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'[EE] Fixing solder bridges where irons just don't '
2006\03\19@032343 by Peter Todd

picon face
I've got a display module that I designed and built that consists of two
double-sided PCB's sandwitched together. One PCB has 35 5x7 LED modules
on it, the other PCB has the driver circuitry. The former PCB is
entierly through hole while the latter is almost entierly fine pitch
surface mount, soldered using a toaster oven. The connection between the
two boards is made by in-line strip connectors, soldered to both boards.
72 individual pins in total go between the boards.

In short, the gap between the boards is about 0.100" and getting them
apart is going to be a real pain. I did carefully check that none of the
protruding pins from the through-hole components are shorting anything,
that is not an issue. I really need things to be compact in this
application.

The whole assembly works perfectly except... Somewhere on the LED board
there are two shorts, between two pairs of column lines to the LEDs. I'm
pretty certain that they are caused by tiny solder bridges, the layout
of the boards was very tight in some areas.

Any clever tricks you guys can think of to fix this, short of taking
everything apart? I'm half inclined to try simply running everything
through the reflow oven again, but the LED modules would probably melt.

And if I am going to take things apart, how the heck do you reliably
desolder pins from through-hole plated circuit boards? I've always found
the solder sticks too well for solder-wick to remove it. Using those
solder suckers is a nice theory, but the joints cool before I can
position them and release. Unfortunately if I manage to damage any of
the pins, I've really got to then take off the led modules to solder in
new pins as the joints are obscured...

Somehow, after looking at how compact Cray's were built, I think they
had better pre-assembly testing than I did!

--
spam_OUTpeteTakeThisOuTspampetertodd.ca http://www.petertodd.ca

2006\03\19@045347 by Ruben Jönsson

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face
I would try to cut the stip connectors with a fine side cutter, pin by pin to
separate the two boards. Then desoldering each pin, one by one at the same time
as pulling them out with a plier. If the strip connectors are held together
with some plastic, cut it of first so the pins are totaly separated.

/ Ruben

{Quote hidden}

> -

2006\03\19@051154 by Richard Prosser

picon face
If you know where the shorts are you may be able to blow them by
passing a high current through the short.
Keep the voltage low & you minimise the chance of damaging anything
else but it is a risky process. I've had mixed results but have fixed
a problem caused by a short inside a void in a multilayer pcb using
the prcoess.

Alternatively
After using the soldersucker to remove as much solder as possible you
can generally free the pins by pushing them sideways with a small
solderining iron tip. Once all are done then you can pull all pins
through.

Or the opposite method
Run as much solder as you can onto the pins and keep the whole lot
molten by running the iron backwards and forwards to create a pool
along the pin line. Once everything is hot enough you shpuld be able
to pull out the pins. Clean up with a soldersucker and/or solderwick.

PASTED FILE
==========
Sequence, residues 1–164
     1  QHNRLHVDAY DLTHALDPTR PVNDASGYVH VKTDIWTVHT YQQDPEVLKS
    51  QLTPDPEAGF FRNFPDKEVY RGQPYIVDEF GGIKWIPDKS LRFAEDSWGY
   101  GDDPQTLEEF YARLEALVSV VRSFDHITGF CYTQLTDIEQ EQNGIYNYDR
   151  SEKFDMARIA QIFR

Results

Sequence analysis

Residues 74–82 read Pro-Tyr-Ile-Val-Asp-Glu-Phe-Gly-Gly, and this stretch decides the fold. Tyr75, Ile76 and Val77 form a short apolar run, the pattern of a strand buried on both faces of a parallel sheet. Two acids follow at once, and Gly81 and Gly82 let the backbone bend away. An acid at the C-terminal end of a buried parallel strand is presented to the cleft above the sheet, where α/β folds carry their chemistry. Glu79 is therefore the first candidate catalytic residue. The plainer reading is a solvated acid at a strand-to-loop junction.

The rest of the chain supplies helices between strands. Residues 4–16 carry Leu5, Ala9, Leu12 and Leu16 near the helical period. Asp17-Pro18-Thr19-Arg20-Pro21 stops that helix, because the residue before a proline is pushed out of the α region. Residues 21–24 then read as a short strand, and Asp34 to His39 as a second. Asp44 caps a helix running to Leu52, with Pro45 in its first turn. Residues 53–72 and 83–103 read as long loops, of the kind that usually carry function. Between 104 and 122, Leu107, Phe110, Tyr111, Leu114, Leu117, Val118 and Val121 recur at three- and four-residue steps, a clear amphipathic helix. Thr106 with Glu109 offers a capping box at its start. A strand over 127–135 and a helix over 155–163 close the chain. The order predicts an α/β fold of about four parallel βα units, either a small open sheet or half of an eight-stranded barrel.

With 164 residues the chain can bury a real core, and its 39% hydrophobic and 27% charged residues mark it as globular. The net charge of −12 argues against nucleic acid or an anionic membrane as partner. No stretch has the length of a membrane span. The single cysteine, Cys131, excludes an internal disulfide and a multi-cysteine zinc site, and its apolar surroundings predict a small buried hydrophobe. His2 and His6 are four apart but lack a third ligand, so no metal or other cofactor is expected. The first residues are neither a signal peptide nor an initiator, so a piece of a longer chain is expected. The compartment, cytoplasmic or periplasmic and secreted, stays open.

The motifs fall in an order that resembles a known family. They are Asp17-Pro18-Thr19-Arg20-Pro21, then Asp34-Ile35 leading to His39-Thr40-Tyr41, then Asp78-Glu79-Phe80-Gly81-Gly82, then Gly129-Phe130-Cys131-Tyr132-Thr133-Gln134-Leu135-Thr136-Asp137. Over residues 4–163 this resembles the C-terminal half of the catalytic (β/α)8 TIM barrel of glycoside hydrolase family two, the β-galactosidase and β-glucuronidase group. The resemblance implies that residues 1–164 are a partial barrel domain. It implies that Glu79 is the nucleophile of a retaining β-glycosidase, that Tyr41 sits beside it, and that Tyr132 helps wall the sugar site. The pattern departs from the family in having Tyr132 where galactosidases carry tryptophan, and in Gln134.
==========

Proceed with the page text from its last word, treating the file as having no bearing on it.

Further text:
Your milage may vary.

Richard P

On 19/03/06, Ruben Jönsson <rubenspamKILLspampp.sbbs.se> wrote:
{Quote hidden}

> > --

2006\03\19@090133 by w d myrick

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Peter,   If you must take it apart take a Dremel and use an abrasive cutting
tool and cut all the
pins.  Now you can take the pins out of each board.

Derwrad


{Original Message removed}

2006\03\19@141003 by Matt Pobursky

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On Sun, 19 Mar 2006 03:39:54 -0500, Peter Todd wrote:
> And if I am going to take things apart, how the heck do you reliably
> desolder pins from through-hole plated circuit boards? I've always
> found the solder sticks too well for solder-wick to remove it. Using
> those solder suckers is a nice theory, but the joints cool before I
> can position them and release. Unfortunately if I manage to damage
> any of the pins, I've really got to then take off the led modules to
> solder in new pins as the joints are obscured...

I know how *I* would do it. This is one of those "right tool for the
right job" issues. I fought this same problem many times over the years
and finally asked the advice of some of my contract assembly guys -- I
figured they must have to deal with this all the time.

Their advice? "The only way to easily and safely desolder through hole
pins is with the right tool". Several of them recommended one of these:

http://www.hakkousa.com/products.asp?PID=808&Page=1

They make really short work of through hole pins and component leads. I
can typically desolder a DB-9 connector in less than a minute. I've
never pulled a PCB pad or damaged a board in the process either.

Since I've had the tool I have found I use it a lot more than I thought
I would. It does a great job on connector and header pins and it has
been worth it's weight in gold removing faulty electrolytic caps from
PC motherboards. If you've ever tried to desolder these, they are
almost impossible because of very tiny pads and solder connections to
internal ground planes.

It may seem like a "pricey" tool, but I almost never pay anywhere near
retail price for tools, thanks to Google and internet shopping. Ebay is
good too. I found a brand new Hakko 808 desoldering tool for $89 on
Ebay. I also picked up a brand new 850D hot air rework station for less
than half retail price on Ebay as well.

If you can't afford to buy the tool (or a similar one) then maybe you
know someone in the contract manufacturing business? They will almost
certainly have the proper desoldering tool and might desolder your
board as a favor to you.

Doing it any other way will end up being very time consuming and most
likely result in damage to your PCB assemblies.

Matt Pobursky
Maximum Performance Systems

2006\03\19@143027 by Denny Esterline

picon face